Coral Triangle Day

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Coral Triangle Day
Also calledCTDay
Observed byCoral Triangle Initiative on Coral Reefs, Fisheries and Food Security (CTI CFF) member countries
Date9 June
Next time9 June 2022 (2022-06-09)

The Coral Triangle Day was established on June 9, to celebrate and raise awareness of the ocean conservation and protection, especially on the Coral Triangle, the world's epicenter of marine biodiversity. Intended as an open-sourced event, the day is celebrated by individuals, organizations, and establishment concerned on the Coral Triangle. The Coral Triangle day was observed the first time on June 9, 2012, in conjunction with the World Oceans Day on June 8.[1]


Coral Triangle is a geographical term that refers to a vast ocean expense located along the equator and the confluence of the Western Pacific and Indian Oceans. The region covers the exclusive economic zones of six countries: Indonesia, Malaysia, Philippines, Papua New Guinea, Solomon Islands, and East Timor (the "CT6" countries). It is considered as one of the 3 mega ecological complexes on Earth, together with Congo Basin and the Amazon Rainforest.[2]

There is a broad scientific consensus that the region represents the global epicenter of marine life abundance and diversity—with 76% of all known coral species, 37% of all known coral reef fish species, 53% of the world's coral reefs, the greatest extent of mangrove forests in the world, and spawning and juvenile growth areas for the world's largest tuna fishery. Moreover, the biogeographical conditions within the CT may also enable the region to maintain its exceptional productivity in the face of future impacts of climate change, making it potentially the world's most important “refuge” for marine life. These unparalleled marine and coastal living resources provide profound benefits to the 363 million people who reside within the six countries that compose the Coral Triangle, along with benefits to many millions more outside the region.[3]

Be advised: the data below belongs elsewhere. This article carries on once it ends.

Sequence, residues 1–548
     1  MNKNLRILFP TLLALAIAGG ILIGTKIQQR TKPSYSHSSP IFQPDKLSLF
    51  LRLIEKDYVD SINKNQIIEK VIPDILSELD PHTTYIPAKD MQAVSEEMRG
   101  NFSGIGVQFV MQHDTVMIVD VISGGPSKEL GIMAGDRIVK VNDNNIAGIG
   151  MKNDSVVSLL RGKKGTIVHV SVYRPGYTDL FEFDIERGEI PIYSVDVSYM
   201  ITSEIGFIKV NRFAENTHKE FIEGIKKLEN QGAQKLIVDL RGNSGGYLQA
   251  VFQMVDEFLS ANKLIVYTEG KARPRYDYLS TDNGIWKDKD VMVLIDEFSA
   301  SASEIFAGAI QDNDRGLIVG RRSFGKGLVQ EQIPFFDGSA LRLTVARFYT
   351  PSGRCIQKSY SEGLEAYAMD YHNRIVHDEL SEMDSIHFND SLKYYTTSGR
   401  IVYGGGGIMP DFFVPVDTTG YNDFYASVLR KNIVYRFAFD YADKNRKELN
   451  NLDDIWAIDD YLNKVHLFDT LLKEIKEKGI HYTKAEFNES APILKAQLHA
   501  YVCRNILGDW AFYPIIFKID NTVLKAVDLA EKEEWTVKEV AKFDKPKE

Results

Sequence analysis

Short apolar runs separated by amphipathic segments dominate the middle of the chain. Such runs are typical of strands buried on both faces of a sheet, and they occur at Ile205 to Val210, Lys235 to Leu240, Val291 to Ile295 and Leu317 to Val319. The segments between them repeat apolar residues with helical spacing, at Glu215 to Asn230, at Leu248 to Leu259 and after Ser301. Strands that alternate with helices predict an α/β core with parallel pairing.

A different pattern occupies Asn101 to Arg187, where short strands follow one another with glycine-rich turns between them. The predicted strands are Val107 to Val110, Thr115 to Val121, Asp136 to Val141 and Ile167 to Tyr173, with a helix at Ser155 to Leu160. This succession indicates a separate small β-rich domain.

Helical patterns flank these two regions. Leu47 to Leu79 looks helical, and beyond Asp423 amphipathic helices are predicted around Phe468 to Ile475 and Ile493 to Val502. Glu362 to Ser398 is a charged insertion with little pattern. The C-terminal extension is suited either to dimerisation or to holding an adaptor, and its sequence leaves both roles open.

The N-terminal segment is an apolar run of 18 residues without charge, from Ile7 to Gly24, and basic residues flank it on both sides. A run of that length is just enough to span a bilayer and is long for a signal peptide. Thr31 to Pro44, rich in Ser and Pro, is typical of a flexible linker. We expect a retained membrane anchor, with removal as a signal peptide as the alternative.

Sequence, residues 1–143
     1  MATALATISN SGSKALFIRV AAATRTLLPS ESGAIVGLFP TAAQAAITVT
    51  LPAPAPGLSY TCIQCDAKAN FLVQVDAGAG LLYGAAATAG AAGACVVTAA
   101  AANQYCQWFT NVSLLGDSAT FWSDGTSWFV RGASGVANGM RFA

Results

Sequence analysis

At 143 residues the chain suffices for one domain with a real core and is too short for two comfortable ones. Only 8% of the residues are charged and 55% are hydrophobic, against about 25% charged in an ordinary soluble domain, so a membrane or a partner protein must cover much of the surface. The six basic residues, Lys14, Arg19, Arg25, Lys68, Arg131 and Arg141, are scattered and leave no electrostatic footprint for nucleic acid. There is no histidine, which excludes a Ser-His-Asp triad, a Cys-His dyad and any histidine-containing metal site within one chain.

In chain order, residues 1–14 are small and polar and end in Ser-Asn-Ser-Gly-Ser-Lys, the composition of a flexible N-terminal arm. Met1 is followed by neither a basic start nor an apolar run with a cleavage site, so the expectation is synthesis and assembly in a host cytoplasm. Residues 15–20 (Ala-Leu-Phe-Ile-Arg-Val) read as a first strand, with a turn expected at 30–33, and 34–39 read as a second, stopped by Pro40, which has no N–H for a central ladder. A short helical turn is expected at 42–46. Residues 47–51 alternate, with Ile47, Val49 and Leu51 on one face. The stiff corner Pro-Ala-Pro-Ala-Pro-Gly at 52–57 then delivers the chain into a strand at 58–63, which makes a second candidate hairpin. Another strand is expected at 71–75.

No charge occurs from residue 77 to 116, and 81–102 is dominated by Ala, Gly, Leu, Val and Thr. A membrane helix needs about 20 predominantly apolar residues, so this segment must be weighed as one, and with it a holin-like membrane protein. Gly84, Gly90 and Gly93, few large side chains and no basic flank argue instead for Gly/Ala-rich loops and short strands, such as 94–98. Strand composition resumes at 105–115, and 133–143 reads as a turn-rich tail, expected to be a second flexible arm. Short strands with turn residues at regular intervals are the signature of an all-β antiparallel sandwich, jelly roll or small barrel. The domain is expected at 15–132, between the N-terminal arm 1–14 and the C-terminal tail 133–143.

Today, the coastal and marine ecosystems in the Coral Triangle are under significant and increasing threat by the warming, acidifying and rising seas.[4] Coral reefs have experienced mass bleaching, which threaten to degrade the important ecosystems. Over half the coral reefs are at high risk primarily from coastal development, overfishing, and unsustainable fishing practices.[3] Since the marine resources are a principal source of income for the population, the downstream effects of losing these critical coastal ecosystems are enormous.


Coral Triangle Day 2013 Poster

The Coral Triangle Day was first held on June 10, 2012, as a regional interpretation of World Oceans Day. During the 8th Coral Triangle Initiative on Coral Reefs, Fisheries and Food Security (a multilateral partnership to safeguard the Coral Triangle's marine and coastal biological resources) Senior Official Meeting, member countries declared to designate the Coral Triangle Day to be held annually. It is, ever since, simultaneously celebrated by all Coral Triangle countries every year. It is celebrated through numerous activities including but not limited to beach clean-ups; sustainable seafood dinners and exhibitions; bazaars; and beach parties, among others. The intention is to carry the message of ocean conservation under the overall banner of the Coral Triangle Day.[2]

Written in the decision document on Coral Triangle Day:[5]

This regional interpretation of World Oceans Day was initiated to raise awareness on the Coral Triangle as a globally-significant eco-region, to highlight the importance of oceans in people’s lives and the need to protect them; highlight the conservation work being done by the governments, partners, and a diverse group of stakeholders in the region to help protect the Coral Triangle; and mobilize millions of supporters for the Coral Triangle.

See also[edit]


  1. ^ "What is the Coral Triangle Day and why are we celebrating it on June 9? | CTI-CFF". Retrieved 2016-03-29.
  2. ^ a b "| WWF". Retrieved 2016-03-29.
  3. ^ a b "CTI Regional Plan of Action | CTI-CFF". Retrieved 2016-03-29.
  4. ^ Hoegh-Guldberg, O (2009). The Coral Triangle and Climate Change: Ecosystems, People, and Societies at Risk (PDF). Sydney: WWF Australia. ISBN 978-1-921031-35-9. Archived from the original (PDF) on 2017-01-17. Retrieved 2016-03-29.
  5. ^ SOM 8 Annex 10 - Decision Document on Coral Triangle Day